One particularly desirable lower electrode 140 is actually a laminated structure. First a layer of adhesive 141 , such as a titanium metal when the etch stop layer 136 is a titanium oxide, is deposited on the described portion of the etch stop layer 136 using conventional semiconductor processing techniques. In one embodiment, the thickness of the adhesive layer 141 is about 500 Angstroms. Second, a lower electrode first metal layer 142 is deposited on the adhesive layer 141 using conventional semiconductor processing techniques (e.g., sputtering, evaporation). In one embodiment, the lower electrode first metal layer 142 is platinum with a thickness of about 1 ,000 Angstroms. Third, a lower electrode second metal layer 143 is deposited on the lower electrode first metal layer 142 using conventional semiconductor processing techniques (e.g., sputtering, evaporation). In one embodiment, the lower electrode second metal layer 143 is LSCO (lanthium strontium cobalt oxide) with a thickness of about 600 Angstroms. Conventional lift-off techniques may be used to define the configuration of the lower electrode 140 illustrated in Figure 9E. Other materials may be used to form the lower electrode 140 either in single metal, multiple metal, or other conducting oxide configurations, such as platinum, rubidium, iridium, palladium, fully conductive single oxides, as well as binary and complex oxides, and single or multiple layer configurations may also be utilized.

Overlaying at least a portion of the lower electrode 140 is a ferroelectric material layer 144 for the pixel 184 as illustrated in Figure 9F, and which is preferably a pyroelectric material. Although the layer 144 can be of any ferroelectric material which has a crystallization temperature which is below that which will have an adverse effect on the first thermal insulation layer 128 and in one embodiment a sintering temperature of no more than about 650° C provided that the necessary compatibility issues are appropriately addressed, at least for the case when the first thermal insulation layer 128 is an aerogel PZT (lead zirconium titanate) is preferred for the layer 144 which may be appropriately crystallized/pyrolyzed for purposes of the detector 196 at a temperature of no more than about 600°C. For cases when the first thermal insulation layer 128 is an aerogel, these types of processing temperatures should not adversely affect the structure/performance of the first insulation layer 128 as noted. Stated another way and for cases when the first thermal insulation layer 128 is an aerogel, the type of ferroelectric material 144 which is selected should be those which use a sintering temperature which is below that which will have an adverse effect on the layer 128 (e.g., by densifying or otherwise structurally

affecting the aerogel). The ferroelectric material layer 144 is deposited on/above the lower electrode 140 by standard semiconductor processing techniques to define a thin film of ceramic, preferably using direct thin film deposition techniques. In one embodiment the layer 144 is formed by a solution deposition technique and has a thickness of no more than about 1 micrometer, and more preferably no more than about 0.5 micrometers, at least in the region which overlays (disposed directly above) the upper substantially planar surface of the lower electrode 140. Thereafter, the ferroelectric material layer 144 is patterned and etched to define the configuration illustrated in Figure 9G wherein it is disposed above only a portion of the upper surface of the lower electrode 140, and further such that it extends down at least a portion of the side of the lower electrode 140 to the etch stop layer 136. This reduces the potential for the development of an electrical short with the upper electrode 148 (Figure 9H). The etch stop layer 136 precludes this etching step from damaging at least that portion of the first thermal insulation layer 128 which is disposed directly below or underneath the ferroelectric material layer 144 such that there is sufficient thermal isolation of the pixel 184 relative to the substrate 100. Moreover, the planarization layer 132 and first thermal insulation layer 128 which overlays the first semiconductor device 104 (disposed directly above) are not adversely affected by this etching process, nor is the lower electrode 140. With the ferroelectric material layer 144 being in the desired configuration, the entire assembly thus far described is annealed within the above- described temperature limits to crystallize the ferroelectric material layer 144 and to pyrolyze the same to define the thermal imaging element 145.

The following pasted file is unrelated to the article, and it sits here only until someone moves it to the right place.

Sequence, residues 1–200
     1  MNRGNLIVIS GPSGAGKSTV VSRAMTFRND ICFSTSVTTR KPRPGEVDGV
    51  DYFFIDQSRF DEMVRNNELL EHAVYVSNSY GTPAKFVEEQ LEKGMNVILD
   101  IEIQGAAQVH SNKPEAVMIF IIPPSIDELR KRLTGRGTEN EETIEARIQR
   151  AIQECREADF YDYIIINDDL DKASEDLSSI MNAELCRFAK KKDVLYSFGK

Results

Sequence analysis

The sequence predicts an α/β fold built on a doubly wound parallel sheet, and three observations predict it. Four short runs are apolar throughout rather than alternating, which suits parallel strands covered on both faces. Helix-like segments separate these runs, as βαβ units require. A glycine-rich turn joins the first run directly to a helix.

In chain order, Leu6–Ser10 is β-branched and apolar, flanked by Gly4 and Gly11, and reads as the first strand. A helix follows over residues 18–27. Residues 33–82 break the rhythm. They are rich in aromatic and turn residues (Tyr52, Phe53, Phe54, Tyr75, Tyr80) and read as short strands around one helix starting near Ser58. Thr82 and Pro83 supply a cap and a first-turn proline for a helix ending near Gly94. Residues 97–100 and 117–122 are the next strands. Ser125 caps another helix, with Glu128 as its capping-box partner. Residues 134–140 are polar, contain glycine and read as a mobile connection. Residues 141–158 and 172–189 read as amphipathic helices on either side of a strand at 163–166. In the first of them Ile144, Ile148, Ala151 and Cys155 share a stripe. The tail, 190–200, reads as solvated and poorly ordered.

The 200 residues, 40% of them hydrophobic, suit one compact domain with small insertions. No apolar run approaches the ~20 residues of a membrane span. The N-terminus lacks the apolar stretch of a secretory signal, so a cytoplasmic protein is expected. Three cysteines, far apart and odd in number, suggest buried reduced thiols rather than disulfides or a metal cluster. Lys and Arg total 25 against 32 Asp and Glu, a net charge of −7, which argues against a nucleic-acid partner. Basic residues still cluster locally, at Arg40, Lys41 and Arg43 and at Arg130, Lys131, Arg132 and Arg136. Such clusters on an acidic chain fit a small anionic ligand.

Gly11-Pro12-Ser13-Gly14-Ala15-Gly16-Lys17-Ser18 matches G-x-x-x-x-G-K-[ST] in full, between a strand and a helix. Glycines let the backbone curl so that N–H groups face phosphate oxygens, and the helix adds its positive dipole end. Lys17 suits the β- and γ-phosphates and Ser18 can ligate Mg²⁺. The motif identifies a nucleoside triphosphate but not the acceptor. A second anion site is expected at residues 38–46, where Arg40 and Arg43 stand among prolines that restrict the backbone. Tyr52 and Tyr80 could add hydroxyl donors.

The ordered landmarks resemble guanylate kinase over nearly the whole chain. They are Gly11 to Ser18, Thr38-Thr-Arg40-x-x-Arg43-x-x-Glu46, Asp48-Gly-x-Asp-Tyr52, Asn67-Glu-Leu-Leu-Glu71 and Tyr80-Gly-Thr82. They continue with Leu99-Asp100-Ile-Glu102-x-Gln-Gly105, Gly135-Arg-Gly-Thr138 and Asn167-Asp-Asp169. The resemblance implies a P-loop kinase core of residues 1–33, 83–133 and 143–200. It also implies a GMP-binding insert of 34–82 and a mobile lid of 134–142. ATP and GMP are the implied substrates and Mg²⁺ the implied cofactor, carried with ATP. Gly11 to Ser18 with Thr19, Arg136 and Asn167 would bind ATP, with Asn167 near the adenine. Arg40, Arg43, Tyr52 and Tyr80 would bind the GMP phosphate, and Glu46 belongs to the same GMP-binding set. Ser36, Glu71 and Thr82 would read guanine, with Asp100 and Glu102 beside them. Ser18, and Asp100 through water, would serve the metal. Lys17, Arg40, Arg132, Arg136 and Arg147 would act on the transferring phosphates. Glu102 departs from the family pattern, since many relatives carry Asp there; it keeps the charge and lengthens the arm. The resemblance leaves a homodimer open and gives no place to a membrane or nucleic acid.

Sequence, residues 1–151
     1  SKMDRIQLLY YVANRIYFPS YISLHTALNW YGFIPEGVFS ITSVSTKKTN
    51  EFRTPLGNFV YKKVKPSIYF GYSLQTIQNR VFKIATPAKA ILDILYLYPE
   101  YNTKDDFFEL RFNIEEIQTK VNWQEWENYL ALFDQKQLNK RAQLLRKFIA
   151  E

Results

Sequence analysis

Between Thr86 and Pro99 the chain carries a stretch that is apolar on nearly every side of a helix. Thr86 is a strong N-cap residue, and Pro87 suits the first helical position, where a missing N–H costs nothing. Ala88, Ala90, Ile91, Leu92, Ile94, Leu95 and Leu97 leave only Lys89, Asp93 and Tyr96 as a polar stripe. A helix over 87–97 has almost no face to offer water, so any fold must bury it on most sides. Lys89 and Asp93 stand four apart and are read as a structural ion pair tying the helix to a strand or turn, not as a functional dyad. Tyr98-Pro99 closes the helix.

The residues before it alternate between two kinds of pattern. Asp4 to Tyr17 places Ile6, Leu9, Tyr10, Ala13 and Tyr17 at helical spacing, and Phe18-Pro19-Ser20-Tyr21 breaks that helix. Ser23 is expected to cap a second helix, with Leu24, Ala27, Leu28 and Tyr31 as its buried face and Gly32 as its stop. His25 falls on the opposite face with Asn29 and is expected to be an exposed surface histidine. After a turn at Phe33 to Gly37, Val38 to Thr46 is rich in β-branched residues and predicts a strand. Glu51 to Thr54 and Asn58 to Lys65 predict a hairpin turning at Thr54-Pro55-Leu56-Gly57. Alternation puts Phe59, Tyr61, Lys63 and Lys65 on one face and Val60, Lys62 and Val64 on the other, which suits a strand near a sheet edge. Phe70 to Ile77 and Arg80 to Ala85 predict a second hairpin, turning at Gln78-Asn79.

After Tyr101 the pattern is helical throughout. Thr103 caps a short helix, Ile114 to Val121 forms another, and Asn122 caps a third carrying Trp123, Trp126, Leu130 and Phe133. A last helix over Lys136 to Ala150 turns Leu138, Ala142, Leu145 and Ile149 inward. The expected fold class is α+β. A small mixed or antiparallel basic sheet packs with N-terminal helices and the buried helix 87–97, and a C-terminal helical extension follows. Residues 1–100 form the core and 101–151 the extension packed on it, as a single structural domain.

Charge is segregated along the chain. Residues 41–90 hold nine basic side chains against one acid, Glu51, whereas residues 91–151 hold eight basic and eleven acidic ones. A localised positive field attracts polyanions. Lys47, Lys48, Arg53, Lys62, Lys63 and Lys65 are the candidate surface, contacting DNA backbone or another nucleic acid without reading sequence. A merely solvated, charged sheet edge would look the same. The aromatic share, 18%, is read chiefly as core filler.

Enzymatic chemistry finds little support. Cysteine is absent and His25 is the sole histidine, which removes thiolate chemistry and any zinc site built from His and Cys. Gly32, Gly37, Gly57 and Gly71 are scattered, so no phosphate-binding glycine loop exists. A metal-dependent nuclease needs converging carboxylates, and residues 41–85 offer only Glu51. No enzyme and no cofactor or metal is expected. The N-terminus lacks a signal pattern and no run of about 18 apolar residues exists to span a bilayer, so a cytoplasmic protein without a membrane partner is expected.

An upper electrode 148 is formed on top of and interfaces with at least a portion of the upper surface of the thermal imaging element 145 as illustrated in Figure 9H. Conventional semiconductor processing techniques may be used to form the upper electrode 148. One particularly desirable upper electrode 148 is actually a laminated structure. First, an upper electrode first metal layer 149 is deposited directly on/above the thermal imaging element 145 using conventional semiconductor processing techniques (e.g., sputtering, evaporation deposition). In one embodiment, the upper electrode first metal layer 149 is LSCO with a thickness of about 600 Angstroms. Second, an upper electrode second metal layer 150 is deposited on the upper electrode first metal layer 149 using conventional semiconductor processing techniques (e.g., sputtering, evaporation deposition). In one embodiment, the upper electrode second metal layer 150 is platinum with a thickness of about 1 ,000 Angstroms. Conventional lift-off techniques may be used to define the configuration of the upper electrode 148 illustrated in Figure 9H. The materials and configurations presented above in relation to the lower electrode 140 are equally applicable to the upper electrode 148.